Dark Crisis on Infinite Earths #7 is the final issue of the event published by DC Comics, written by Joshua Williamson, art by Daniel Sampere, Jack Herbert, Cam Smith, Giuseppe Camuncoli and Rafa Sandoval, colours by Alejandro Sánchez, Alex Guimarães, Romulo Fajardo Jr and Matt Herms, and letters by Tom Napolitano. In the finale of the event, Nightwing and the heroes of the DC Universe face off against Deathstroke and the Dark Army, and must give everything to overcome them.
The stakes and pace of this event have been progressively getting more intense, but in this issue, it splits. On one hand, it maintains that momentum, with the huge battle serving as a backdrop. And, on the other hand, the comic is primarily focused on the focal point of the fight; Deathstroke and the leaders of those resisting him. Williamson brings back many of the characters that have either had their own missions as there is a fantastic blend of the large and small. Intimacy and incredulity work well together in this issue and in the event in general. The fight keeps going until the bitter end, with very few lives and a whole universe at stake. This is a story that has consequences, with the ramifications laid clear by the end of the comic. There is cause for both wariness and hope for the future of the DC Universe after the darkness threatens to shatter it.
The sheer size and spectacle of the comic threatened to lose the heart of the characters that had made it shine early on, but the last issue brings it back to what matters. One of the largest leaders of this event whilst the Justice League has been missing is Nightwing, and he is given a huge role in Dark Crisis on Infinite Earths #7. The opening of the comic sends him back through the years, reminding us of the journey has been on. He has always been terrific but this event feels like him stepping onto an even bigger stage.
Then there is Black Adam, whose temper tantrums and rage has been an unpredictable subplot. His strength vibrates off of the page. Although, his last part in this event is slightly disappointing as I felt it was underwhelming. There is also a lovely conversation between Hal Jordan and Barry Allen, who always seems to play a part in any Crisis or large-scale event.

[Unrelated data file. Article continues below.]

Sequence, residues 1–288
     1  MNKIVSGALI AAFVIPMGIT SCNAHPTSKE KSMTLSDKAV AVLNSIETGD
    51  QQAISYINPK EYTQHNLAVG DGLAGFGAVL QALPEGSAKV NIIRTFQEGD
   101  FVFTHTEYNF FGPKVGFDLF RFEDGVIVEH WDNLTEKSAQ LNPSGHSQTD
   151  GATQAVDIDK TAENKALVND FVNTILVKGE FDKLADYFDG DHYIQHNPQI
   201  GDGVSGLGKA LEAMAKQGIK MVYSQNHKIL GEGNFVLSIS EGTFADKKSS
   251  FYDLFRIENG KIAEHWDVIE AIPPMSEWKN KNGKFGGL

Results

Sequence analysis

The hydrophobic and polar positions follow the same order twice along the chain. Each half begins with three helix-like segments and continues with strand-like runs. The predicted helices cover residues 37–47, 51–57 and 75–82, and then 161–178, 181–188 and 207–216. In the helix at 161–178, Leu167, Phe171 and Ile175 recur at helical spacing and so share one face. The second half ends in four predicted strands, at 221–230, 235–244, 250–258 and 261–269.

The art is utterly fantastic, as flawless as it has been throughout the entirety of the issue. Whilst there are other artists included in this last chapter, it should be noted that much of that is seen in the epilogues and preview for what is coming next. The ending of the primary plot is almost entirely illustrated by Sampere and Sandoval. Whilst the art is fantastic across the board, it felt right for those two creators to finish what they had started. There are some epic moments in this issue, and the artists keep the contrast between large and small. There is the sprawling mass of characters fighting each other—a mindboggling display of detail and chaos. But the one-on-one brawls are intense and brutal, with some figures battling whilst beaten and bloody. The close-ups of battered faces as they scream are full of drama.
The introduction of other artists for the last part of this bumper issue is a brilliant decision for a few reasons. It gives Sampere and Sandoval a rest after what must have been a severe drawing schedule. In addition, it is a refreshing change that signals the start of something new.
The colours are tremendous. In the battle itself, the shades are dark and ominous, with the red sky hanging over the whole affair. But there are pieces of bright, powerful light that seek to overthrow that darkness. This can be seen with pure white tinged with blue, coming from figures such as Black Adam and Doctor Light. The lettering is dynamic, fitting, and excellent.
Dark Crisis on Infinite Earths #7 goes out with the same incredible magnitude it entered with. This is a book that is a beautiful mix of heartfelt character moments and some of the most epic set-pieces of the year. This book shines by using characters usually on the sidelines and placing them firmly in the limelight. Sampere, Sandoval, and Sanchez have been utterly phenomenal as an art team that has truly captured the grandiosity of the event whilst having the time to deploy personal and quiet periods. Dark Crisis has been a magnificent run that has thoroughly embraced everything that makes the universe(s) great.
Dark Crisis on Infinite Earths #7 is available where comics are sold.
Dark Crisis on Infinite Earths #7
Dark Crisis on Infinite Earths #7 goes out with the same incredible magnitude it entered with. This is a book that is a beautiful mix of heartfelt character moments and some of the most epic set-pieces of the year.
William is a screenwriter with a love of comics and movies. Once referred to Wuthering Heights as “the one with the Rabbits.”